5 New Ingredients to Try This March

updated May 1, 2019
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(Image credit: Santhosh Kumar)

The hearty, heavy flavors of winter are growing tiresome but fresh spring ingredients like peas and asparagus have yet to arrive. While you wait, do yourself a favor and try out a few ingredients you might not have had in your kitchen before. It’s not only the perfect way to busy yourself while you wait for spring, but you also might just find one or two that will become new staples in your pantry.

1. Preserved Lemons

A staple in Middle Eastern cooking, preserved lemons are nothing like their fresh counterpart. For starters, you can use the entire lemon — rind and all — because they’ve been resting in salt and their juices for long enough that the bitterness of the rind and pith mellows out. The result is citrus that is sweet, salty, and complex — it’s really unlike anything you’ve tasted.

To use, rinse under cool running water to remove excess salt and take out any seeds that might still be lingering. Chop up finely and add instant zing to stews, risotto, pasta, salad dressing, and even pesto. Although it’s slowly becoming easier to find jars at grocery stores (Trader Joe’s carries them!), you can also try making them yourself.

2. Dried Fava Beans

After living in Italy for awhile, I became a big fan of fresh fava beans, which signal spring has officially arrived. Last year, I began craving them by March, but it was still just a little too early. Luckily I was visiting my sister in Egypt at the time and discovered just how great dried fava beans can be. Although they aren’t as bright-tasting as fresh, they have a mellow, earthy flavor that’s really comforting this time of year, when the season is beginning to change.

Prepare them as you would any dried bean — the fun part is how creative you can get in using them. Egyptians use them to make ful medammes, a dish of fava beans, garlic, lemon, and olive oil that’s typically eaten for breakfast. Their version of falafel, called ta’miyya, is also made with dried fava beans, and it’s delicious. You can even swap them in for chickpeas in hummus. When buying, be sure to purchases ones that are skinless, otherwise you’ll have to remove the tough, thick skin yourself after soaking and before cooking them.

3. Fresh Turmeric

Sunny, vivid orange turmeric has recently been spending a lot of time in the spotlight, and for good reason — a member of the ginger family, it’s a natural anti-inflammatory, which means it may help tame everything from a headache to joint pain to an upset stomach.

While most commonly seen dried and ground, on its own or in spice blends like curry powder, it’s worth experimenting with fresh. Fresh turmeric has a brighter flavor than dried that’s peppery, earthy, and slightly bitter. Plus it lasts in the fridge, kept in an airtight container or plastic wrap, for a couple of weeks.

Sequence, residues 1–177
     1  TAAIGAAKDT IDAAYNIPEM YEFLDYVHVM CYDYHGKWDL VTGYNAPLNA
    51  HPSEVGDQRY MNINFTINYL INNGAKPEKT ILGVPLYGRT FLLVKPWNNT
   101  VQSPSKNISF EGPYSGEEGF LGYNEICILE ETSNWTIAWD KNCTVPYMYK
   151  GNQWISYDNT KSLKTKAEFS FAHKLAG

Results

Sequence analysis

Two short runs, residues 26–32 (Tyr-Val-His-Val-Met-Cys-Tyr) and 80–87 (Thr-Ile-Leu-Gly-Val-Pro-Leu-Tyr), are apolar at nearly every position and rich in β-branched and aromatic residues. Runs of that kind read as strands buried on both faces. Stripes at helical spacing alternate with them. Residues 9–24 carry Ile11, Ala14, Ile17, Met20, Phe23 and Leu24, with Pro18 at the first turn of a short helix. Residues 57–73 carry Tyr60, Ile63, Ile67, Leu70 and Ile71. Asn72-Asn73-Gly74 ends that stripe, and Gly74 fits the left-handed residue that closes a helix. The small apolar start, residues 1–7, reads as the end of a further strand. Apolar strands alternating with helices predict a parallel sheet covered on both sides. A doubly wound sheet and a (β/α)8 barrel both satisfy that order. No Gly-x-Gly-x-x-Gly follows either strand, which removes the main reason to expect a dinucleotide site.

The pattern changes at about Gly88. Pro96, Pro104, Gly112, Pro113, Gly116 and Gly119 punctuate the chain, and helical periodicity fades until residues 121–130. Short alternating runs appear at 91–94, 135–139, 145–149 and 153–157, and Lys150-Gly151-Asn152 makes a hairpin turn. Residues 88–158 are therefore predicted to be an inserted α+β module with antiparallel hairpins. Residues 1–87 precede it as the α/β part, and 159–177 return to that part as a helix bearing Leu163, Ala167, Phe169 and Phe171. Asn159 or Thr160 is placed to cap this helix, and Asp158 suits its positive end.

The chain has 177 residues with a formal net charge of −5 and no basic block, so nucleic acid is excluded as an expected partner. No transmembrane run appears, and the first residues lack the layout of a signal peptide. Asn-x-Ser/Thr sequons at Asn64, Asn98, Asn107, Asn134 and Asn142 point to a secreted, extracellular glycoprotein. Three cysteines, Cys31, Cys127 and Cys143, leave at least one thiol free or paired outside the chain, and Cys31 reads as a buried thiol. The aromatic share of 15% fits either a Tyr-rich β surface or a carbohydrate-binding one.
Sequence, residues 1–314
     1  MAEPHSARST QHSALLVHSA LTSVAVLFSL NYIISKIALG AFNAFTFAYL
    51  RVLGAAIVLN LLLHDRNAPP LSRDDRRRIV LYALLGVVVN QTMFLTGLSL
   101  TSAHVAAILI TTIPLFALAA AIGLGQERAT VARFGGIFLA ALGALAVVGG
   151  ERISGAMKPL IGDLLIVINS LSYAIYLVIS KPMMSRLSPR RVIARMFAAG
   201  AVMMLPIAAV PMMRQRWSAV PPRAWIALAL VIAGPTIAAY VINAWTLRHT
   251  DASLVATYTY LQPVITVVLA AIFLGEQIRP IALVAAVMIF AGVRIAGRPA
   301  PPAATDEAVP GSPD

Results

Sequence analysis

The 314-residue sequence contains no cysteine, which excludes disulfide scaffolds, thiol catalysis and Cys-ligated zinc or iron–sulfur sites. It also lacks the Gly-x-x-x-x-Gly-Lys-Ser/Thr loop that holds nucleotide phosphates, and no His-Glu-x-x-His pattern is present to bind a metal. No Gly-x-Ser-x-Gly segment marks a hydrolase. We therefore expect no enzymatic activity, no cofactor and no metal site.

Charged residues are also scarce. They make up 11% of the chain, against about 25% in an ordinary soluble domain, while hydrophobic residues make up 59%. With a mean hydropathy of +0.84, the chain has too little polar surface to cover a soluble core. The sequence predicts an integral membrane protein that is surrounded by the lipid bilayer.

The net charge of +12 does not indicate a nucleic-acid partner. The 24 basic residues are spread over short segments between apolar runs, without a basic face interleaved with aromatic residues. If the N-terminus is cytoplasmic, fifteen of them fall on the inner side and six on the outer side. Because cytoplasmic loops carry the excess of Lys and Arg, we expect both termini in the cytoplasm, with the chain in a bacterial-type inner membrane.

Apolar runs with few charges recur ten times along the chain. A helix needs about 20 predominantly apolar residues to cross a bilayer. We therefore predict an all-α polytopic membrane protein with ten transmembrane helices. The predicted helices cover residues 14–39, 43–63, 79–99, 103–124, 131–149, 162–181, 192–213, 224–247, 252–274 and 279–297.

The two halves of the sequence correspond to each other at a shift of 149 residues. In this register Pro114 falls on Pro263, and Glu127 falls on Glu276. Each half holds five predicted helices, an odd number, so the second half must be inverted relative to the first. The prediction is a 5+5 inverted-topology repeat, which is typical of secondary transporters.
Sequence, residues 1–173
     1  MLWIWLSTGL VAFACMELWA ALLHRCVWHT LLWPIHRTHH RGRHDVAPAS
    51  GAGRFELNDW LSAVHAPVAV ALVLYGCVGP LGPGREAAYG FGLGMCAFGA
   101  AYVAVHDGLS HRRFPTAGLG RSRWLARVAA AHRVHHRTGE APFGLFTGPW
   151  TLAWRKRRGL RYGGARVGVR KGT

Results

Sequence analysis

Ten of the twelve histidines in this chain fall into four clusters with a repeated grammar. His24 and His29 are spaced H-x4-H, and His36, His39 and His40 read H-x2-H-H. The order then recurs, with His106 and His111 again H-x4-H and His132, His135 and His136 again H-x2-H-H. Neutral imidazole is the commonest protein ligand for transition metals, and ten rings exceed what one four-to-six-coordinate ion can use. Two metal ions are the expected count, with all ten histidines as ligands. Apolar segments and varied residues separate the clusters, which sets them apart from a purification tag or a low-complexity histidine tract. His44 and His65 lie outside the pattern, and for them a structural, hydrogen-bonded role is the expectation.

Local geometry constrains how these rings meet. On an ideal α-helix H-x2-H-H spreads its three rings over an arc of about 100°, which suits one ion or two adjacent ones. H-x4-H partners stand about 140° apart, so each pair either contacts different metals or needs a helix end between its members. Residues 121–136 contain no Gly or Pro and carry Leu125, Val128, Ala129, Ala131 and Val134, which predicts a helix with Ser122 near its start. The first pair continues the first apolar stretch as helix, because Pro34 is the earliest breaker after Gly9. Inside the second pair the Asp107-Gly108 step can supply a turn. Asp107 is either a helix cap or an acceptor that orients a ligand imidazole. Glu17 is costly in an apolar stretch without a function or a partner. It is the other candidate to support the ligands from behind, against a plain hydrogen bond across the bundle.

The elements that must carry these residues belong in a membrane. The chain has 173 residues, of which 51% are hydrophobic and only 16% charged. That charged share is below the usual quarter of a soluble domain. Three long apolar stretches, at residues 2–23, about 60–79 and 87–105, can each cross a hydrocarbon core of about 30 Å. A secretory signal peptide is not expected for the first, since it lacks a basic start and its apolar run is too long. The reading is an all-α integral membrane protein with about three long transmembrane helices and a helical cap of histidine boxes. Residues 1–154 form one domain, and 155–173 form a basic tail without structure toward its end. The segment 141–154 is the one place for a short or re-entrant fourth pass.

Prepare it like you would fresh ginger: peel it, and then chop, mince, or grate it. Toss fresh turmeric into smoothies, steep it in hot water to make a comforting tea, or use it in place of ground turmeric in sautés and scrambles. One tablespoon of freshly grated turmeric equals about one teaspoon of ground turmeric.

4. Yuzu Kosho

You’ve been warned: This Japanese condiment can be addicting. It’s a paste of chile peppers, salt, and citrus zest and juice. Traditionally, the citrus is yuzu, a sour, tart variety from Japan, and the chile peppers are usually Thai red or green chiles.

That powerful mix of sweet, hot, salty, and sour hits all of your tastebuds in one incredible wallop. Spoon it on top of everything from miso to udon soup, try it as a glaze or marinade for grilled meat, or toss a little into a noodle salad. Look for it at an Asian grocery store or purchase it online.

Read More: What is Yuzu?

5. Smoked Olive Oil

I received a bottle of this smoked olive oil recently and I honestly just can’t get enough. No, it’s not cheap, but a little goes a long way, as it’s a finishing oil rather than a cooking oil. It’s an incredible way to add a little extra depth of flavor to your food right before serving.

While that smoky flavor might not work well on light, crisp dishes like salad, it’s perfect drizzled over roasted potatoes or other root vegetables, on grilled meat or fish, and even on popcorn. Stir a little into store-bought hummus and it’s an instant and impressive upgrade. I’ve even drizzled a little over vanilla ice cream and orange segments, and guess what? It’s amazing. Or just pour a little into a bowl and dunk crusty bread into it. It’s olive oil like you’ve never had it before.